Eventually, Captain Dan leaves the decision to the crew, and, like contestants on Survivor, we unanimously decide there can be only one chieftain, and Sequoia isn't it. At 4:30 A.M., with our boats idling a couple of miles offshore, I escort him and his coffin-size duffels toward the lights of Drummer, whose crew has no idea what just happened (because we don't tell them). The boat seems immeasurably lighter without him.

AFTER ARRIVING LATE in Nassau on Tuesday, February 16, we shove off as soon as possible the next morning, on a two-day run south toward Georgetown. With Captain Dan on the foredeck lookout, we surf downwind, the sandy seafloor skimming past just a couple of feet below. Whenever Dan spots a black island of coral in the spearmint-colored water, he raises a certain number of fingers and points to port or starboard, and I steer the same number of degrees in that direction. The patches of coral heads grow tighter as we get in sync, and soon we're slaloming along like a 20-ton rally car, with Drummer hours behind us. But when night falls, the wind shifts out from behind the bottom of the Exumas and—bam!—we're in a dead downwind run. Choppy seas. Tough sleeping. Sharing a comforter and tumbling from side to side on a bed of flour sacks, Tory and I pass out for six seconds at a time.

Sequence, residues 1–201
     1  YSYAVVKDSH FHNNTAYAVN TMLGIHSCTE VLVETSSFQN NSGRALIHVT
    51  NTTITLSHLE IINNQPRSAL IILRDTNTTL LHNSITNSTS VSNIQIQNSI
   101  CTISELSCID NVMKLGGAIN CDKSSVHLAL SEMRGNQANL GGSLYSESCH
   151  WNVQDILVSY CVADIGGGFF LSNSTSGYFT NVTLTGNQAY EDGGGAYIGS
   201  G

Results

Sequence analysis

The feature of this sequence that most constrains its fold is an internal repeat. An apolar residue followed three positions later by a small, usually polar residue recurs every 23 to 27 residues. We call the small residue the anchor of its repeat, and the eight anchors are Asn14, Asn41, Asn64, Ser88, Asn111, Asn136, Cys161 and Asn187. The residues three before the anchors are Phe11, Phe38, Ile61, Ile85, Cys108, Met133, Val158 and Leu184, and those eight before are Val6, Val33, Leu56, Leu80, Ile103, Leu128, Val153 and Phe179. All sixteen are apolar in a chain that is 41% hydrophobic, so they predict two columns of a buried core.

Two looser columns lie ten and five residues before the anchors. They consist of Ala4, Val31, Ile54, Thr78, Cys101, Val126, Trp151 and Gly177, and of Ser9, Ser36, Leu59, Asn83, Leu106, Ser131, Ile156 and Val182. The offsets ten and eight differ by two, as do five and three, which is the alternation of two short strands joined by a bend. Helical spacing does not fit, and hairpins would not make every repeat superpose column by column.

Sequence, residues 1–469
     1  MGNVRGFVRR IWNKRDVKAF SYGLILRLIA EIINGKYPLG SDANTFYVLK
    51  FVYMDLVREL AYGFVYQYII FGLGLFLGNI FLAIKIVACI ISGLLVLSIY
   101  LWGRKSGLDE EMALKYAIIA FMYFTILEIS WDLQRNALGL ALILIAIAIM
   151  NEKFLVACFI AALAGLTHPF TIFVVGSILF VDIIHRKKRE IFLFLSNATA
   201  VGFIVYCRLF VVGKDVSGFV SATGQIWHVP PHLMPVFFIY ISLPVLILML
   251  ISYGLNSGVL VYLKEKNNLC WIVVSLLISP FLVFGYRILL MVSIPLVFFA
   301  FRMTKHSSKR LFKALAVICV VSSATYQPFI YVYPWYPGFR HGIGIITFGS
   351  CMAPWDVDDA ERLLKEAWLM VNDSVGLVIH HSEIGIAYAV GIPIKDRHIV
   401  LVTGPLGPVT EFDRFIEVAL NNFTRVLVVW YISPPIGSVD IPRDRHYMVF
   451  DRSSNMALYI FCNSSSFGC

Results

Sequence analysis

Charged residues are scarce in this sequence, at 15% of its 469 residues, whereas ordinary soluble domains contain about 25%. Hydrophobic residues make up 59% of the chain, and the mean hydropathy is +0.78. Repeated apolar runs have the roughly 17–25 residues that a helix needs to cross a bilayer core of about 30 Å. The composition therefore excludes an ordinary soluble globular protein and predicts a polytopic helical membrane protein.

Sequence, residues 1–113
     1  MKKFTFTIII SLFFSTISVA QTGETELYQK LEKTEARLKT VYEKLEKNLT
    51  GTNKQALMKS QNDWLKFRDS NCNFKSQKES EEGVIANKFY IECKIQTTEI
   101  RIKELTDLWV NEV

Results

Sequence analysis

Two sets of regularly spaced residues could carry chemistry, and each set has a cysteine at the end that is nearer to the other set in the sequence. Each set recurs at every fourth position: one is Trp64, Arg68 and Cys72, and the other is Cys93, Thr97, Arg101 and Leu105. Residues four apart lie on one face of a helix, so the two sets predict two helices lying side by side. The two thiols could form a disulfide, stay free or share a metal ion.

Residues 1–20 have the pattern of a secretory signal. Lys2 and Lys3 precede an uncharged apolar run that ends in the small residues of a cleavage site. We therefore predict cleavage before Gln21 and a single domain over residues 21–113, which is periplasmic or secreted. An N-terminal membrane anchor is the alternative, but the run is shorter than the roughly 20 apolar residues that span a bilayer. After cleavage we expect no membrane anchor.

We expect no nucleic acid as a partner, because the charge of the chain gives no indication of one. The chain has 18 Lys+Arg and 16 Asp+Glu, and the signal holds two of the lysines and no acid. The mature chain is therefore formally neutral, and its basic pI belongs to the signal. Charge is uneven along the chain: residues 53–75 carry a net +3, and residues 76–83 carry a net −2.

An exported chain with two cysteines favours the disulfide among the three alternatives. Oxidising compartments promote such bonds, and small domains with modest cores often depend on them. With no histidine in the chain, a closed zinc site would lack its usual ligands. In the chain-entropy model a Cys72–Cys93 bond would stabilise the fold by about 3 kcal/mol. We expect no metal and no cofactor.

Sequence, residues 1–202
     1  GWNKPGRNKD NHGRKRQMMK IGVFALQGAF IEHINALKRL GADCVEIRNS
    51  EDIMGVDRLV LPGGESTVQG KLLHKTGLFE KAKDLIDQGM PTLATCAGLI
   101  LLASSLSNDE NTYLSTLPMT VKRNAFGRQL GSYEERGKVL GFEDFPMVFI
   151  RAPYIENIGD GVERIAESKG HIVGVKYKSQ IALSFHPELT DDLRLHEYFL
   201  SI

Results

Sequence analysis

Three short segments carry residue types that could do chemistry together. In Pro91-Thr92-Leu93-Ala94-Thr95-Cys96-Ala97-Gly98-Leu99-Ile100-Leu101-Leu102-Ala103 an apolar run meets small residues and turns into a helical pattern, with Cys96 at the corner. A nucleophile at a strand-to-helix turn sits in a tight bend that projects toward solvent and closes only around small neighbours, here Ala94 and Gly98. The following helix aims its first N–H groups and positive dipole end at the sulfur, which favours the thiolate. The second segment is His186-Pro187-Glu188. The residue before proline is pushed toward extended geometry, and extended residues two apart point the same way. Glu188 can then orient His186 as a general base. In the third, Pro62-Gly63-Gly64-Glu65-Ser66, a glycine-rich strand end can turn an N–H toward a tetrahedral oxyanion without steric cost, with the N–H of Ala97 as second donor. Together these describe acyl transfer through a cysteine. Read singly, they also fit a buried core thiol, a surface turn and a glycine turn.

“It'd take years to get eight hours of sleep like this,” she groans.

We limp into Georgetown on Thursday, February 18. Drummer arrives some 12 hours later, and her exhausted captain decides to rest until the main CRN flotilla arrives, in a few days. Rubbed the wrong way one too many times by Sequoia, they also decide to kick him off.

Already short on time, we commence the final push alone the next morning, hoping for a single three-day tack southeast. The wind direction stays fairly steady, but the masthead anemometer spins 30 knots, or three times the NOAA forecast, and a disconcerting amount of seawater starts leaking in through our rudder housing. Unfortunately, there's no way to fix it while under way.

Trying to act as casual as possible, Captain Dan stuffs our passports and other essentials into an emergency bag in case we have to abandon ship. Tory pumps the bilge. Dr. Gino, at the height of what has turned out to be a respiratory infection, musters enough energy to opine, “I wish it was Monday.”

I find myself fatalistic and too nauseated to volunteer for the 4-to-6 A.M. watch, so I'm on the night shift. Night watches have their virtues—phosphorescents peel off the bow in a V, twinkling like stars—but I find them stressful, too. The globe-shaped compass glows red. Wind thrums across the sails in a low moan. The boat surges into blackness. The whole arrangement feels tenuous.